Report: Russia shifts to Dubai benchmark in Indian oil deal
MOSCOW, Apr 3 (PRIME) -- Russia's largest oil producer Rosneft and India's top refiner Indian Oil Corp agreed to use the Asia-focused Dubai oil price benchmark in their latest deal to deliver Russian oil to India, Reuters reported Monday citing three sources familiar with the deal.
The decision by the two state-controlled companies to abandon the Europe-dominated Brent benchmark is part of a shift of Russia's oil sales towards Asia after Europe shunned Russian oil following Russia's operation in Ukraine more than a year ago.
Both benchmarks are denominated in dollars and set by S&P Platts, a unit of U.S.-based S&P Global Inc, but Brent is mostly used by European oil majors and traders, whereas Dubai is heavily influenced by Asian and Middle Eastern oil trading.
Rosneft's chief executive Igor Sechin said in February that the price of Russian oil would be determined outside of Europe as Asia has emerged as largest buyer of Russian oil since the West imposed progressively tighter sanctions on the export.
Under the new deal, announced on March 29, Rosneft will nearly double oil sales to Indian Oil Corp, two of the sources told Reuters.
IOC and Rosneft did not immediately respond to Reuters emails seeking comment on the details of the agreement, which have not been previously reported.
Russian Deputy Prime Minister Alexander Novak said on Tuesday that Russian oil sales to India jumped 22-fold last year, but he did not specify the volume sold.
Rosneft would sell up to 1.5 million tonnes (11 million barrels) each month, including some optional quantities, to IOC in the new fiscal year from April 1, the two sources said.
They said that in 2022/23, IOC had a deal to buy 3 million barrels of Urals grade with an option to double the quantity every month priced at differentials to dated Brent on a delivered basis.
The new contract includes Urals crude, shipped from Russia's European ports of Primorsk, Ust-Luga and Novorossiysk, and Sokol oil exported from Sakhalin which will be sold at a discount of U.S. $8–$10 per barrel to Dubai quotes on a delivered basis, three sources said.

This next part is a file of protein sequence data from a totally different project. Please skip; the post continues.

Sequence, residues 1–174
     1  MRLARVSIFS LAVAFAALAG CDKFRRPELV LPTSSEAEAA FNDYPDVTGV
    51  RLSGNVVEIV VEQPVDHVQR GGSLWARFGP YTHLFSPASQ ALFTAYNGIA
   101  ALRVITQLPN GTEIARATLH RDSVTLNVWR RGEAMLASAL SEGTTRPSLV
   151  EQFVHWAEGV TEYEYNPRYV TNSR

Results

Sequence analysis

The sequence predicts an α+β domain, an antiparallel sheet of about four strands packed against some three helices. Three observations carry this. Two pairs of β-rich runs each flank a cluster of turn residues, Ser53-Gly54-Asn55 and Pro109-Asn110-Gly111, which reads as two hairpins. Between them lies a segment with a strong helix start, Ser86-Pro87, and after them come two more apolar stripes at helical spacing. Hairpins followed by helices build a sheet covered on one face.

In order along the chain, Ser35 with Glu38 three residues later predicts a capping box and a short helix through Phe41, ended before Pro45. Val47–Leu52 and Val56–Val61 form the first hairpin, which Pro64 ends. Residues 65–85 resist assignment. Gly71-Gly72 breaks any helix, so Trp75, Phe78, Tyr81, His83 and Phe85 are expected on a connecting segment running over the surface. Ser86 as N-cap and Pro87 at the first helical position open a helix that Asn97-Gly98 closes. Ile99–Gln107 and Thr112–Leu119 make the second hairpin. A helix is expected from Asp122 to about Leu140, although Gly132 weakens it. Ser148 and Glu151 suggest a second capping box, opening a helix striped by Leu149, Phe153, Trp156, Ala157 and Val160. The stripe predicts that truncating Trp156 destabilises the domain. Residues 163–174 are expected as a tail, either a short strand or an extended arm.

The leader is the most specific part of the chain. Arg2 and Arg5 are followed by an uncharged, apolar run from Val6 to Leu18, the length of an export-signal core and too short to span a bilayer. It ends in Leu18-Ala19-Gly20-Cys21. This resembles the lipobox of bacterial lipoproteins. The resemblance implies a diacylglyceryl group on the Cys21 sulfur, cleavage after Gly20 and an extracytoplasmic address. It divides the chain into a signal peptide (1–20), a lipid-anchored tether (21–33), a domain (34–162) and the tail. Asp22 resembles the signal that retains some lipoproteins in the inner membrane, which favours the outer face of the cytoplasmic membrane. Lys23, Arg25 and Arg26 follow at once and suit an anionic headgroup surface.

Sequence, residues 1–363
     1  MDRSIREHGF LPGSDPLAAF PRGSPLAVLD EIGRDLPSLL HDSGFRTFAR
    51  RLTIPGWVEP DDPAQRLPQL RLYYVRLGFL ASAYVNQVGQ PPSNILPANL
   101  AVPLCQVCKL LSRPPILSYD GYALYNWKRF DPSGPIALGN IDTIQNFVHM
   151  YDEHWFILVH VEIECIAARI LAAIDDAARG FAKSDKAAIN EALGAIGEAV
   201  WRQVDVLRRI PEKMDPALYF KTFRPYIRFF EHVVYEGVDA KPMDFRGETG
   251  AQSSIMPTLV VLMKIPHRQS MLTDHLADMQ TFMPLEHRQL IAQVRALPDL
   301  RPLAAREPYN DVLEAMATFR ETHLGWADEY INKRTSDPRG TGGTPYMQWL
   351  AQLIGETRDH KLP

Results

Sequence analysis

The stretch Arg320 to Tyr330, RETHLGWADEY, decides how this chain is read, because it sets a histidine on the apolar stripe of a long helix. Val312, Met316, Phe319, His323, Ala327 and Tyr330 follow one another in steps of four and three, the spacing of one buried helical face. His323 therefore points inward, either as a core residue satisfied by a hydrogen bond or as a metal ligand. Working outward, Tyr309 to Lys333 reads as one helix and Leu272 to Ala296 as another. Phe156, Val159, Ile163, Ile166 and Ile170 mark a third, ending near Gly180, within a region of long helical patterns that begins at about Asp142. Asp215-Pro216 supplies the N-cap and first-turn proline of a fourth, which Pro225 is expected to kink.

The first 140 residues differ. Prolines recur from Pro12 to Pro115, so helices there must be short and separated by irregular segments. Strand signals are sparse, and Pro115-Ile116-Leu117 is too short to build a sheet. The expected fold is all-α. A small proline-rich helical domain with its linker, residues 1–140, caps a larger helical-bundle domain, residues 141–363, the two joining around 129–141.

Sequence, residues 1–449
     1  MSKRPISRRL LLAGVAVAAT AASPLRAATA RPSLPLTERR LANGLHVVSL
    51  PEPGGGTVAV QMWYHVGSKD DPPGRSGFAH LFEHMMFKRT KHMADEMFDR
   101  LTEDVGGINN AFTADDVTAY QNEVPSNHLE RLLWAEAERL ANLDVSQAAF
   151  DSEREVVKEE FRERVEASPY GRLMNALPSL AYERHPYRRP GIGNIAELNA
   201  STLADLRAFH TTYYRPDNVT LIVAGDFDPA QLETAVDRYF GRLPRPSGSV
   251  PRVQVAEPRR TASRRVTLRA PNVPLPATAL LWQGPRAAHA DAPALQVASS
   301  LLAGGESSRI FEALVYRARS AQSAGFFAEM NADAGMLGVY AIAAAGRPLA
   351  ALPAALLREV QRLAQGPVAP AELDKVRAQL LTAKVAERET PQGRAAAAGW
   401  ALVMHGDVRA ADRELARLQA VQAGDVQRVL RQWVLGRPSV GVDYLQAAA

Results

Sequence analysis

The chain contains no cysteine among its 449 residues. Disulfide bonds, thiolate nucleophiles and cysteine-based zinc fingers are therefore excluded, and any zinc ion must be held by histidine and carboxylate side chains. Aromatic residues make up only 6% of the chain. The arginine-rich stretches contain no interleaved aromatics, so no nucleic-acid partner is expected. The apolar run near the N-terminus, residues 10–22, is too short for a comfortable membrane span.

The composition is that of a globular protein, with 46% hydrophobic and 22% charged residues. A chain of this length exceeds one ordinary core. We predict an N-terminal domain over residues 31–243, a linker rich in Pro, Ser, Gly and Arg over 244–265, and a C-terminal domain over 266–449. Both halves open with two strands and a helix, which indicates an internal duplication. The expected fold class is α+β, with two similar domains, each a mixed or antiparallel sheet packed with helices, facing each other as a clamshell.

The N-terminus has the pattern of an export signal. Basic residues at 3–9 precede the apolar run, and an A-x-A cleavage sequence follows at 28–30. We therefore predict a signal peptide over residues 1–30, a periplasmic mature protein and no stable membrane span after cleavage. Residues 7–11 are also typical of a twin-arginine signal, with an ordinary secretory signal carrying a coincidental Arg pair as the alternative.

The larger volumes and change in Russian oil pricing highlight closer ties between Moscow and India, which has now become the largest buyer of seaborne crude from Russia.
Indian refiners rarely bought Russian oil in the past due to higher freight costs compared with Europe, but after Urals prices fell to historical lows Russia has now replaced Iraq as top oil supplier to India in the last few months, data from trade sources showed.
Russia has been rerouting its energy supplies from traditional markets in Europe to Asia, mainly India and China, since the West imposed wide-ranging sanctions, including an embargo on seaborne Russian oil imports.
The E.U. nations stopped buying Russian oil from December 5 and the G7 countries joined the E.U. in imposing a price cap on Russian crude of $60 per barrel. The move was aimed at cutting Russia's oil revenue while maintaining stability on the global oil market.
India was the biggest buyer of Russia's benchmark Urals grade crude in March. Deliveries to India are set to account for more than 50% of all seaborne Urals exports last month, with China in second place.
China, which buys Russian Urals at prices pegged against either dated Brent or ICE Brent, doubled its purchases of Urals oil in the first half of February compared to the same period of January, according to traders and Refinitiv Eikon data.